I planned to shoot the Judas Priest gig in Salt Lake City in November 2021, which was abruptly rescheduled 2 days before the show. I found out on the band’s website that Richie the guitarist fell very ill and was hospitalized, so we would have to wait for Judas Priest to regroup. In February the date finally came, and I was as excited as the first time I shot U2, this being a band as legendary, and holding titles 10 years longer than U2. This was a full arena, full with as much anticipation. For 50 years, any band could hang it up in glory. Well, Judas Priest, at 50 years wanted to tell the world they were still able to lay out ear-splitting falsetto vocals, and pounding guitar riffs that have been stolen by oh so many follow up acts who have called it quits while Judas Priest just kept going.

The opening act was Queensryche, I grew up with all the metalheads in my world living by “Operation Mindcrime” as if it was gospel, and it was … Meh… They were good live, minus the original singer.


I was standing in the press pit with some friends who I have been shooting with for years. It felt so good to be back. The stage looked like a dystopian sci-fi metal bike shop, a fitting motif for a band of 50 trailblazing years. As the band came out and started to crank out I was feeling my entire frame shake to a low rumble. So loud that my stomach was hurting, and I felt like my teeth were going to fall out. I haven’t had anything that loud since SWANS. Yeah, this is metal leaving its mark.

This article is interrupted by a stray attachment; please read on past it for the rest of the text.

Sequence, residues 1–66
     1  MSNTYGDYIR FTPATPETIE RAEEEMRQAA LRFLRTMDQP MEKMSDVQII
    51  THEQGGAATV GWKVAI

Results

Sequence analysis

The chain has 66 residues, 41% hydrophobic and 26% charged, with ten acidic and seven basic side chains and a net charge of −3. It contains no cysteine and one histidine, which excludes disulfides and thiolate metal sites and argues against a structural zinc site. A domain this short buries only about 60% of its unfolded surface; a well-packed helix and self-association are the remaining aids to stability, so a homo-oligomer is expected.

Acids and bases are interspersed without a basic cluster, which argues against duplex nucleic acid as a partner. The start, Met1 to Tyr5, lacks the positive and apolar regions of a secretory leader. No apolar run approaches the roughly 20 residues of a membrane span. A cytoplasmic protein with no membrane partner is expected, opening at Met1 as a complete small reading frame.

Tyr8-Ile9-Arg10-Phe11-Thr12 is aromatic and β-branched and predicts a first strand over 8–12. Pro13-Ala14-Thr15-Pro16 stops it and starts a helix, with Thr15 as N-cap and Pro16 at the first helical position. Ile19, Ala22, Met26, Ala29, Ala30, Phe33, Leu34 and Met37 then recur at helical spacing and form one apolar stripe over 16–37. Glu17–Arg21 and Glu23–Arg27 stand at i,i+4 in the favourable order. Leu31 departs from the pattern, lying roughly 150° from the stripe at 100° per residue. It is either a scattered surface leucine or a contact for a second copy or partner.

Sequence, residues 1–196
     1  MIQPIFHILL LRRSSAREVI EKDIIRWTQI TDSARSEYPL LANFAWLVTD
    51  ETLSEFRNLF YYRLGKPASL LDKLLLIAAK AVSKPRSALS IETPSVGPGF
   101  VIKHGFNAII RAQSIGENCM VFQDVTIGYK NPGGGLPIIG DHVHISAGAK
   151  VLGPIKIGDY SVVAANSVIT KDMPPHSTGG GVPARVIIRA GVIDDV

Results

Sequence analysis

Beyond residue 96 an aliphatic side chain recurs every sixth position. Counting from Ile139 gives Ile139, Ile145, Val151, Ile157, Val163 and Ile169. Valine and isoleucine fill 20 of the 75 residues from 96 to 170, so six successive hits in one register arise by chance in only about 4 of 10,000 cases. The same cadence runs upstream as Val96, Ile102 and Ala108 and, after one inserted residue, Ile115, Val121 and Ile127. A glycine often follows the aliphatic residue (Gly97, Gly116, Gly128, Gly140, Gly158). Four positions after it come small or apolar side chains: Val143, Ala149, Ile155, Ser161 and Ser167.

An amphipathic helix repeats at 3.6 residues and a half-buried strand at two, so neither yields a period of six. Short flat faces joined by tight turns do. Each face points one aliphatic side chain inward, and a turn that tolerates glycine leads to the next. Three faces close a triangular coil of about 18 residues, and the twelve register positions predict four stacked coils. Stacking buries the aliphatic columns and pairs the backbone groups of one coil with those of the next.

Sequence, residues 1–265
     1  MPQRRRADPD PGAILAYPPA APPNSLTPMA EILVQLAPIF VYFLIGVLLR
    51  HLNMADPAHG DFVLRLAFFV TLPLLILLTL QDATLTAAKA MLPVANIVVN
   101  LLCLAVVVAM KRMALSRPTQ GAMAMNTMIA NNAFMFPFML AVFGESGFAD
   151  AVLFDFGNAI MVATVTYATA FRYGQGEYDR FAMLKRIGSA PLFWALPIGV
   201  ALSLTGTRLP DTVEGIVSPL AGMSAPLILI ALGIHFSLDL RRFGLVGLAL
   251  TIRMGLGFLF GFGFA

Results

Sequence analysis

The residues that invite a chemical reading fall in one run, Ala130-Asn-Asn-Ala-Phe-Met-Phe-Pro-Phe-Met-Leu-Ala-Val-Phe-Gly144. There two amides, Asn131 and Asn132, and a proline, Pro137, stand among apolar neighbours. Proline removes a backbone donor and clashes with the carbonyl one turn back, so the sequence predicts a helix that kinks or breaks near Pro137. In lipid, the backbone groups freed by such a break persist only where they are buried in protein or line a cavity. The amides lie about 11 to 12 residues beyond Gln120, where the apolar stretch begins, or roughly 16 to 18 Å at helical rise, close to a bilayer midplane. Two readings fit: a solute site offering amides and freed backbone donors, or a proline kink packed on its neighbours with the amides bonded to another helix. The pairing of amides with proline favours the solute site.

A metal frame of the Juda Priest logo emboldened with lights swung down over the stage, as a monologue was played over the speakers to say at the end “I AM HEAVY FUCKING METAL”
With that, we saw ROB HALFORD, age 70, decked out in all leather unloading all the metal vocal “One shot at glory”. I was standing within feet of metal royalty and I felt it, even through my reinforced earplugs, I was getting rocked to my core.

I can’t explain it, but I was so excited to be shooting the show and standing so close to it, I was also overwhelmed with the music that I found it hard to concentrate shooting, it was just so good. This RARELY ever happens.


Halford welcomed everyone out to the show, saying “We’re here to tell you, Judas Priest is back”. He changed into a leather jacket and went on singing. Very active, moving from one end of the stage to the other, the only difference between 2022 and 1982, was that he wasn’t wearing his leatherman biker hat, and he had a grey beard. “You’ve Got Another Thing Comin” finished the set in the photo pit. As we walked out of the pit back through the office, I said to a buddy who I shoot shows with “I just came” he said, “I did too, TWICE”. Yeah, they were that intense, loud, and just incredible.